Three studies described how participation in a community initiative fostered engagement [28, 42, 53]. Two studies described how greater agency, i.e. the capacity of individuals to act on their own accord, interacted with empowerment [15, 29]. One study involved a volunteer-based community health advisory program that sought to increase access to health services which reported a sense of empowerment among participants after they were given greater control over program direction [29]. The other study, involving a youth advisory board formed through CBPR, reported an improved sense of agency amongst students [15]. One study described specifically how gaining skills through participation led to empowerment. The study involved a community-academic collaboration that led to resident empowerment through skills based training that was included in the CBPR research process[28]. In another study on active participation strategies for environmental solutions, community groups were reportedly mobilized to make changes in their own community, resulting in the strengthening and empowerment of the community [42].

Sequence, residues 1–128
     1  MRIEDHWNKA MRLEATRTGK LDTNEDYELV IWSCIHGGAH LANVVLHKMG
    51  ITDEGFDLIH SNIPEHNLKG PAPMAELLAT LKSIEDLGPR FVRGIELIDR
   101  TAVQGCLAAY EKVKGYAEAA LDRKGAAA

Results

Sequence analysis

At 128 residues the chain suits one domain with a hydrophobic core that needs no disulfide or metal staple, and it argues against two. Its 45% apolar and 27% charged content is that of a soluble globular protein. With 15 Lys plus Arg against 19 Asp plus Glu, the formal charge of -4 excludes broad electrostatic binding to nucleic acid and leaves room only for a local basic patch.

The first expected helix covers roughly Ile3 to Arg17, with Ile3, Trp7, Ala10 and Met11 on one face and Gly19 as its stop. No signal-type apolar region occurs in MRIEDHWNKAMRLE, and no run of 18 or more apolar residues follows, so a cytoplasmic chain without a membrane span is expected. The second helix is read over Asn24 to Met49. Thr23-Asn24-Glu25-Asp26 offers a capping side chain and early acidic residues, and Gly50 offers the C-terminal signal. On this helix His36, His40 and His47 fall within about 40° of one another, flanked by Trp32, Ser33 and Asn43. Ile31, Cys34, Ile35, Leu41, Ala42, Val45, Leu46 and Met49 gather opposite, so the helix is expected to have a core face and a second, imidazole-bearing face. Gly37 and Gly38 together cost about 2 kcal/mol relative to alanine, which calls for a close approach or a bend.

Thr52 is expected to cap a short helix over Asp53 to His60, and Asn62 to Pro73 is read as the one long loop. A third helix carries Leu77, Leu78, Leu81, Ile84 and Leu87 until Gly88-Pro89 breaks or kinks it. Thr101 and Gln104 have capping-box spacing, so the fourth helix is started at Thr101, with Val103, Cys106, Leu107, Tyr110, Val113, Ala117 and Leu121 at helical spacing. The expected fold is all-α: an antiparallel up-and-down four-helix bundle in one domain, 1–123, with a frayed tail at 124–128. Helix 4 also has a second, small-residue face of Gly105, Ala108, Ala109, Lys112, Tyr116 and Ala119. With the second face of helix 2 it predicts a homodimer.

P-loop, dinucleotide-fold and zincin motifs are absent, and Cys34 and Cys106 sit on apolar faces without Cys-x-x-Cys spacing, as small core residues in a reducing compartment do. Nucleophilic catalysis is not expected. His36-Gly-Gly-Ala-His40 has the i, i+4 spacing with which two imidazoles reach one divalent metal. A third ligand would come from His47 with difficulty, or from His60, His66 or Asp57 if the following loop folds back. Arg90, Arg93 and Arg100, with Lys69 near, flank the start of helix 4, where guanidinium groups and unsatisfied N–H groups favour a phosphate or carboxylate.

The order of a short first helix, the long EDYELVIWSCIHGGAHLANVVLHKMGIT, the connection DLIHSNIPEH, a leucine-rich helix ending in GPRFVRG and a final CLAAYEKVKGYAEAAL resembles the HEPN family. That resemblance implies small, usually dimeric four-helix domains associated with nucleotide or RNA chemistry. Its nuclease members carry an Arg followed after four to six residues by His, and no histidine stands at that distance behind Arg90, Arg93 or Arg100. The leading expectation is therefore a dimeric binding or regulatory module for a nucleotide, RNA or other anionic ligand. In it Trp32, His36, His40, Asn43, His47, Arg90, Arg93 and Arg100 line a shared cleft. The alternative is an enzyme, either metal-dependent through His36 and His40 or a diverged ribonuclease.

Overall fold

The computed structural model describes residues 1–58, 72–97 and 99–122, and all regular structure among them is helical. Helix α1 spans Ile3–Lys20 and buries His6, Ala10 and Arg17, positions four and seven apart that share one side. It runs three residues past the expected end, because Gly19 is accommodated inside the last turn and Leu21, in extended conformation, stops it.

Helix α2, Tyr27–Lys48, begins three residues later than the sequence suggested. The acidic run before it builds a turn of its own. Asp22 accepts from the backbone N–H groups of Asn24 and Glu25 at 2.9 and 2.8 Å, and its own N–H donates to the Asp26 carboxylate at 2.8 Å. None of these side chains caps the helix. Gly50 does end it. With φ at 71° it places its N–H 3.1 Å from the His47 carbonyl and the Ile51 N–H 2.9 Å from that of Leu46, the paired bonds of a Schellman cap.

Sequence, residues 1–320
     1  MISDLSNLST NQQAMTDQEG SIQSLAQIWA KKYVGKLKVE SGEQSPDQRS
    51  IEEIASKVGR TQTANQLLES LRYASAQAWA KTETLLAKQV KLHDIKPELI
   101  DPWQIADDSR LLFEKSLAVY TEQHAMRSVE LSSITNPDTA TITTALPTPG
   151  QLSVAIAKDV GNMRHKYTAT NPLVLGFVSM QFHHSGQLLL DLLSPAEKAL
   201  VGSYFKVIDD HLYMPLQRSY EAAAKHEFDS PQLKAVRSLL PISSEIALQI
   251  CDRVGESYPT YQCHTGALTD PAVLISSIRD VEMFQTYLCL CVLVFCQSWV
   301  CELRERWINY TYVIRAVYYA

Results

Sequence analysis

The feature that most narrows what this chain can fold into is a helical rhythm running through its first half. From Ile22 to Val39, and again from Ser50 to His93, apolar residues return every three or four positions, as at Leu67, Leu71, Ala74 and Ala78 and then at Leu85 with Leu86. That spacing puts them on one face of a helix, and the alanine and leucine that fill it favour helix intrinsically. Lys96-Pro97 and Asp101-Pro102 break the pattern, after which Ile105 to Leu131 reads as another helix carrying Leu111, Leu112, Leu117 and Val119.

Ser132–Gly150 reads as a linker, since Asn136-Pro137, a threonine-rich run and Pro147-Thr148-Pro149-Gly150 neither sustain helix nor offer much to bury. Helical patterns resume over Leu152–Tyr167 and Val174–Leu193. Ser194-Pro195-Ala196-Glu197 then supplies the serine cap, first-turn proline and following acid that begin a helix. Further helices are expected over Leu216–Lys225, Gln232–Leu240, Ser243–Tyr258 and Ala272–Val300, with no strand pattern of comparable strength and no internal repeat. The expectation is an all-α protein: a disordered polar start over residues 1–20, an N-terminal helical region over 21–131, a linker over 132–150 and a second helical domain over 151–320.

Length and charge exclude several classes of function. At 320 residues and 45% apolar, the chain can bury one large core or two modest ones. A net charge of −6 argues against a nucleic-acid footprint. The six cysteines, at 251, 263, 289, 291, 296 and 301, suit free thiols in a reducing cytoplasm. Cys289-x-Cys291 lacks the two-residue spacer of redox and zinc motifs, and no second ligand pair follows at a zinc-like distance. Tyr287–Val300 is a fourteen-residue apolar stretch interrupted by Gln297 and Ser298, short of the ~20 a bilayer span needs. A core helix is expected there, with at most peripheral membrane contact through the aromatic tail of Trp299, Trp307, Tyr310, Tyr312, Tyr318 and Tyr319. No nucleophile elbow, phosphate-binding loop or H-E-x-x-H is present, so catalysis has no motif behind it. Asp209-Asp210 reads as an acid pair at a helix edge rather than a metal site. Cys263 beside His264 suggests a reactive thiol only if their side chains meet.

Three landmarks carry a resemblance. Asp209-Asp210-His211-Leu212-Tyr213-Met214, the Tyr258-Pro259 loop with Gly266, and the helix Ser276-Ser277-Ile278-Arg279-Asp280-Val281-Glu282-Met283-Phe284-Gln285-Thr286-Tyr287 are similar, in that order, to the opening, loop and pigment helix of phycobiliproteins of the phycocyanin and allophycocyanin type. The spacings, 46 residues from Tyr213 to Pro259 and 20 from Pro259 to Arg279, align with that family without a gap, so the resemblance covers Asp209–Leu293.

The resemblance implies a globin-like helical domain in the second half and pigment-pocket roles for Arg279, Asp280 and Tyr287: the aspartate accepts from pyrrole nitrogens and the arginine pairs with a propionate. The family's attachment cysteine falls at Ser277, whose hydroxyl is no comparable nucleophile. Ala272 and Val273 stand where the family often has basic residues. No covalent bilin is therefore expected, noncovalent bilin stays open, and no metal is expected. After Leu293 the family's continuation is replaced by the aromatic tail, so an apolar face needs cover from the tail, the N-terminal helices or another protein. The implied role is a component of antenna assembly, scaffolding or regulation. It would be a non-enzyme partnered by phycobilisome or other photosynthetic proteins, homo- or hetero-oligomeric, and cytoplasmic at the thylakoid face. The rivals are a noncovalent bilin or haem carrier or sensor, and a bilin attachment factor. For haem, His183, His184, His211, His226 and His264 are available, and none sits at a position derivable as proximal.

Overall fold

Health outcomes

Study characteristics, along with the findings reported and the risk of bias assessments for studies that report on health outcomes can be found in Table 10 (See S1 File for table legend for risk of bias).

Table 10. Study characteristics, findings reported and the risk of bias assessments for studies that report on health outcomes (n = 12).